A European audit team is expected in Greece to monitor progress in reducing its debt before deciding whether to release further bailout cash. Fresh austerity measures have sparked a new wave of violent protests outside the Greek parliament.
The ‘troika’ audit team from the European Union, European Central Bank and IMF is expected to arrive in Greece this week. Their main goal is to check if the country is capable of meeting fiscal targets set by its creditors.
Greece opened the way for the audit team by passing the most unpopular austerity measure yet – a new property tax.
This new tax will be levied through electricity bills rather than being collected through the tax system. And those who refuse to pay risk having their power cut off.
But electricity company workers have already said they will boycott the collection of the tax, RT’s Sara Firth reported. So the authorities’ ability to raise revenue from the new tax is now in doubt.
Angry protests broke out on Tuesday evening outside parliament after the government passed the new measure, and the police were forced to disperse angry crowds with teargas.
Desperate people are prepared to strike for a second day, saying their lives have become literally unbearable over the past year.
Greeks have already endured cuts in government spending and suffered cuts to their pensions. A lot of people have lost their jobs and the unemployment rate is skyrocketing.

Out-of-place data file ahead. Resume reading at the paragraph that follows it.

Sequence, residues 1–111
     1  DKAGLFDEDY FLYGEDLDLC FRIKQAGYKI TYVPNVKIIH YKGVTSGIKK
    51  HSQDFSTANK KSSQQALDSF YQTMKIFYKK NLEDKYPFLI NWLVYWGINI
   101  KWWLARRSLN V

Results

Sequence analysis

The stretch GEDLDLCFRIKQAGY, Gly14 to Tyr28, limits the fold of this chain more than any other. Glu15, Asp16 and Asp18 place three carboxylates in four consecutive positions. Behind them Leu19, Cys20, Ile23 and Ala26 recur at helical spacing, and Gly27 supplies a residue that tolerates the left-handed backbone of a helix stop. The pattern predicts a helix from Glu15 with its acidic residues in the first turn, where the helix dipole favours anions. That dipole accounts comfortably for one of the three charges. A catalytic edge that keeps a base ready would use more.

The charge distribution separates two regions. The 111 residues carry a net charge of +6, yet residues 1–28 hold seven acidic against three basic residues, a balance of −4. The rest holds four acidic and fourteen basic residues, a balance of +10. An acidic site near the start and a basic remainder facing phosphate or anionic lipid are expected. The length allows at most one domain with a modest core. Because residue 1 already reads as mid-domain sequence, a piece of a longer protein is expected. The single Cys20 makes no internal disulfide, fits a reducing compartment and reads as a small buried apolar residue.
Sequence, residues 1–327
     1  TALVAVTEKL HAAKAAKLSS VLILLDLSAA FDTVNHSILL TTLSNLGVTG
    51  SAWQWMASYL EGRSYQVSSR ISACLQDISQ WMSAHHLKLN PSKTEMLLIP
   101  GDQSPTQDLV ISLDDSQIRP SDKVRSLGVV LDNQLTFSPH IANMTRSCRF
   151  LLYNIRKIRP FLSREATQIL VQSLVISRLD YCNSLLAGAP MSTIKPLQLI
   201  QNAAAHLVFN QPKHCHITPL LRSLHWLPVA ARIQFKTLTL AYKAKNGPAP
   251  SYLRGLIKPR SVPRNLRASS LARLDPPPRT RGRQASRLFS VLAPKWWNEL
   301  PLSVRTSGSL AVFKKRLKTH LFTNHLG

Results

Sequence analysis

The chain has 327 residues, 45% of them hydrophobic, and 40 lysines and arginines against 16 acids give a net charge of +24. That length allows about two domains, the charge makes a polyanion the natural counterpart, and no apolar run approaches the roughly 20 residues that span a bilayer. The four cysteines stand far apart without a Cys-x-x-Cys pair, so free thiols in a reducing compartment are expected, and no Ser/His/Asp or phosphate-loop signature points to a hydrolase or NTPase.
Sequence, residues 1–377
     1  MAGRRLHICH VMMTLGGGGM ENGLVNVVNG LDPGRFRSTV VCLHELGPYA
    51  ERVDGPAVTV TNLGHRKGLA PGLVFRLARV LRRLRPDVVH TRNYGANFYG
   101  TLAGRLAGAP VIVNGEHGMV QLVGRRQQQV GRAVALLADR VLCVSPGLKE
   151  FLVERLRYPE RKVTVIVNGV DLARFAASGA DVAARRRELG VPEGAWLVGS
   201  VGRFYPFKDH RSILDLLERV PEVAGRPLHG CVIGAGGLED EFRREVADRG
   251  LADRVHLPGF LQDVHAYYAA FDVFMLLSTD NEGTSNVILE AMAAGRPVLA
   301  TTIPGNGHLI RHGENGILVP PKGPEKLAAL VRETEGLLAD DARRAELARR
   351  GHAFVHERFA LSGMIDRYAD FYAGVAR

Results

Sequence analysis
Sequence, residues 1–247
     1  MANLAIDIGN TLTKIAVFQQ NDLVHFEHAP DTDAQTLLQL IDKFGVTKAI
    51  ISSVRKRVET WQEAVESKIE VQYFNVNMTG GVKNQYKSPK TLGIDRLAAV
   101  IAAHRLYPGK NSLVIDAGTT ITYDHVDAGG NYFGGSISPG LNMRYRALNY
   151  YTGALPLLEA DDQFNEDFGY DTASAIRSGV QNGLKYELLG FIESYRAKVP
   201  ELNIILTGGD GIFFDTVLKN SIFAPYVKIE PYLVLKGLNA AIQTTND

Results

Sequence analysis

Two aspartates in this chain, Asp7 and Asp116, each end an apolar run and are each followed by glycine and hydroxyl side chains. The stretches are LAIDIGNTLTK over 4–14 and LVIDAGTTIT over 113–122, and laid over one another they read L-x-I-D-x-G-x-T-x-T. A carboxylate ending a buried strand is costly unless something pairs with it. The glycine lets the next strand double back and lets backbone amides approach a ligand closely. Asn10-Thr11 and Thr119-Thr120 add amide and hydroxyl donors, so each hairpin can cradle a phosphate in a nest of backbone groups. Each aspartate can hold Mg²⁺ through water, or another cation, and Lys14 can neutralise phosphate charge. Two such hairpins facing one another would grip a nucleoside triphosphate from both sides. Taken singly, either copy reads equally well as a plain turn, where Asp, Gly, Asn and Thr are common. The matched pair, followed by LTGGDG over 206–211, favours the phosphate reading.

On Tuesday, Greek Prime Minister George A. Papandreou was at conference of the Federation of German Industry in Berlin, addressing the audience with positive, confidence-building rhetoric and assuring his country’s creditors that Greece “will live up to all its commitments.”
On Thursday, the German parliament is expected to vote on whether to lend yet more cash to Greece. Without this 8 billion euro injection, Greece might face bankruptcy by the middle of October.
Since May 2010, the EU/IMF have granted Greece two rescue packages designed to help it escape default. In exchange, Greece undertook to implement a three-year austerity program. But so far, the measures have done little more than cripple the people without any real progress in reducing the country’s debt.
Demetri Kofinas, a blogger on economic affairs and RT contributor, says a structured default might turn out to be a solution.
“I do not think Greece can stay in the EMU [Europe’s monetary union],” he told RT. “I think the smartest thing for the EU and IMF to do if they really want a solution would be a structured default for Greece, for Portugal, for Ireland, probably Spain. And to allow some of those countries, especially Greece, for example, for the public sector to issue drachmas again.”
“It does not mean that euros do not have to circulate,” he went on. “But it would mean that kind of door currency system that we saw in Argentina after they exited the dollar peg.”
“I think in the long term, the euro is not going to survive for reasons that we are already seeing in terms of national policies overwriting a pan-European policy,” he stated. “